Last Friday I spoke for my friend John Townsend at a leadership event he hosted for leaders in his network. After my presentation, I fielded some questions for a few moments and was asked (I am paraphrasing), “Because you have led in both marketplace and local church contexts, what is one thing you think those different type leaders could learn from one another?” Or said another way: “What is one characteristic that is predominant in church ministry that marketplace leaders could benefit from? And what is one characteristic that is predominant in the marketplace that ministry leaders could benefit from?” I thought was a fascinating question and I thought about it as I drove home after the session.
Obviously my answer was and is a generalization. There are many marketplace leaders who are exceptional at characteristics that are common among church leaders. And there are many church leaders who are exceptional at characteristics common among marketplace leaders. But with that disclaimer…
1. Many marketplace leaders can learn team leadership from church leaders.
I heard John Maxwell comment once that the best leaders are those who can lead volunteers because leading volunteers requires leading with influence, vision, and care. When leading volunteers, the leaders cannot rely on any extrinsic motivators. Maxwell told executives at a company that if they wanted to discover the best leaders on their teams then they would ask their leaders to go lead volunteers in their spare time. Poor leaders rely on external motivators (such as rewards and discipline) to lead people.
Do many marketplace leaders lead with intrinsic motivation? Absolutely. The best ones certainly do. But marketplace leaders have many more external motivators at their disposal, so it is easier to rely on those. Church leaders, if they are following the Scripture, are committed to empowering and equipping volunteers because they really believe that God has gifted all of His people to serve. Church leadership is synonymous with leading and mobilizing volunteers because the role of a ministry leader is not to “do ministry” but to develop others for ministry. According to Ephesians 4:11-13, the role of a pastor is to prepare all of God’s people to serve.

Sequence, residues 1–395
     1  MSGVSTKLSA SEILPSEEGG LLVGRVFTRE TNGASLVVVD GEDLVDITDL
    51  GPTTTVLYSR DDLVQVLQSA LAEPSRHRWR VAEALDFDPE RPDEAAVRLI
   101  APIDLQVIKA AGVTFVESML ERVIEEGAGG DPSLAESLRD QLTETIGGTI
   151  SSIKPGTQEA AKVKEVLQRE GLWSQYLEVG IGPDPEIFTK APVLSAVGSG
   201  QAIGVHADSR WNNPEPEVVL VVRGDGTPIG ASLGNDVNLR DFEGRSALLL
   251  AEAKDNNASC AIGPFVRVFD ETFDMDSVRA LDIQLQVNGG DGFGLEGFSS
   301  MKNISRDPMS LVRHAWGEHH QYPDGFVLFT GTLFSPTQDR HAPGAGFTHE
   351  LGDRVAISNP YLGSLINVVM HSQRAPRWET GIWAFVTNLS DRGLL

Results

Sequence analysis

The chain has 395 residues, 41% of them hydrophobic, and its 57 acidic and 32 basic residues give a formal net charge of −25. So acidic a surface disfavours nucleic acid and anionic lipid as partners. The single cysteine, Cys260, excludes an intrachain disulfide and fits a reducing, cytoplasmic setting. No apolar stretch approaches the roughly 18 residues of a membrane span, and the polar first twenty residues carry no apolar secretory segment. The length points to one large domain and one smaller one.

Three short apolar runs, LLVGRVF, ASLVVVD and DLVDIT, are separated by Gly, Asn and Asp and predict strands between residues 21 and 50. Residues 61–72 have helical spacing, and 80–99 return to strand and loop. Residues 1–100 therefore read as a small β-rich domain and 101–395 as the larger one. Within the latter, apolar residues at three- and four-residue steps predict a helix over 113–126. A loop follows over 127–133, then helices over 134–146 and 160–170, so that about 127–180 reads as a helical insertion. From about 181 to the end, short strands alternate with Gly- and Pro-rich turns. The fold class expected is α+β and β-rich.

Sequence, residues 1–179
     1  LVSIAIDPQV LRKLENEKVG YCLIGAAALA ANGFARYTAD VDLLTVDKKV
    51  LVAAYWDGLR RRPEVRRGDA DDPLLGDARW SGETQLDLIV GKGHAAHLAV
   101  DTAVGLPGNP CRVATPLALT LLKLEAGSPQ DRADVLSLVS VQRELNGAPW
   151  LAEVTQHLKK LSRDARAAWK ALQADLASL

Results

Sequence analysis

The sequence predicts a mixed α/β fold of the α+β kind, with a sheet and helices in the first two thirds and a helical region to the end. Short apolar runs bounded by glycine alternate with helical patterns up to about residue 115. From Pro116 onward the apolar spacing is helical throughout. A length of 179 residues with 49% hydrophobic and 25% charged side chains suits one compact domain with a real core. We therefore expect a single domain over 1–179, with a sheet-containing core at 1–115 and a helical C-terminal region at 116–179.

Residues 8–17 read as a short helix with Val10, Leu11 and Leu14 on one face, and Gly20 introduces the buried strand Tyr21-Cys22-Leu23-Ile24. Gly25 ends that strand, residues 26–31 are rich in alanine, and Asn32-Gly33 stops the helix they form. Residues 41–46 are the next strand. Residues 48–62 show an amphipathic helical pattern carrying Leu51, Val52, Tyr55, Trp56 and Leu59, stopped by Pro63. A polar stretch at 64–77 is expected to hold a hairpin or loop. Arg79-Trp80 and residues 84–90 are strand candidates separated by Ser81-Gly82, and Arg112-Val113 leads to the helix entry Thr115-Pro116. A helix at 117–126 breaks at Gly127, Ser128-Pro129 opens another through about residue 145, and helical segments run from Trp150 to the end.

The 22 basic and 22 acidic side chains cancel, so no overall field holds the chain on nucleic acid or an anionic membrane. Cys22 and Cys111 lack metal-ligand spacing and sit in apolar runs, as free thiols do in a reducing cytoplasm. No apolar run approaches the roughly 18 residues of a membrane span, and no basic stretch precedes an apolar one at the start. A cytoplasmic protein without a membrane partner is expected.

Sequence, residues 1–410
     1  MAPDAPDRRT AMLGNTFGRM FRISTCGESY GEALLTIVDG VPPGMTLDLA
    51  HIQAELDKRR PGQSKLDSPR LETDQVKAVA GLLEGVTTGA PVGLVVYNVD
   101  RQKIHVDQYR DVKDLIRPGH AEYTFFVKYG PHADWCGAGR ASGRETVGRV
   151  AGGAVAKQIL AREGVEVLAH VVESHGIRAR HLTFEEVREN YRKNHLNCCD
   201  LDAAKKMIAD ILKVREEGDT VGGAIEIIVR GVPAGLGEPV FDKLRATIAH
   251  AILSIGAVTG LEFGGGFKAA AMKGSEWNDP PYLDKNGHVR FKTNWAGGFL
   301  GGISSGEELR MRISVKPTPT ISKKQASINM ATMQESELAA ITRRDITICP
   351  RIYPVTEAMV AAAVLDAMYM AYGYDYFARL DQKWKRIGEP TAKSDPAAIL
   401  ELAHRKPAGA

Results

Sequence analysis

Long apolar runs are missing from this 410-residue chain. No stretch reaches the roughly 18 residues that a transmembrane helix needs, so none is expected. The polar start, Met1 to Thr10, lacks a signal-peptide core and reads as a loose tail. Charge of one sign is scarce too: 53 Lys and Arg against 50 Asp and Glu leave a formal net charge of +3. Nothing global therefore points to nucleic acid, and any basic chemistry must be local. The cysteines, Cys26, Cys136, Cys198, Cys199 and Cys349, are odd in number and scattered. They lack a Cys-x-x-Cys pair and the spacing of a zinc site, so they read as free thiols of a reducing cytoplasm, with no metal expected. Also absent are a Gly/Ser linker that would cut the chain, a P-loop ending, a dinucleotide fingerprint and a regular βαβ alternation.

2. Many church leaders can learn strategic planning from marketplace leaders.
In general, the marketplace values strategic thinking and allocating resources to those plans more than the church world does. Thinking about the future and setting plans for the future is much more common in the marketplace than in church ministry.
Sadly, some church leaders even speak poorly of planning – as if plans are unspiritual. When challenging people to consider the cost of following Him, Jesus spoke of the common (and wise) practice of calculating the costs of a tower before building it (Luke 14:28). Planning is not unspiritual. To the contrary, planning is good stewardship of the resources God has entrusted to leaders. Plans show intentionality and intensity towards the mission God has given. It is possible to be both spiritual and strategic, and positioning those as contrary to one another is an unhelpful and false dichotomy.
Many church leaders are excellent at both disciplines, at leading people and setting plans for the future. Likewise many marketplace leaders set wise plans and give their teams vision, care, and direction and not merely a paycheck. And both disciplines are important.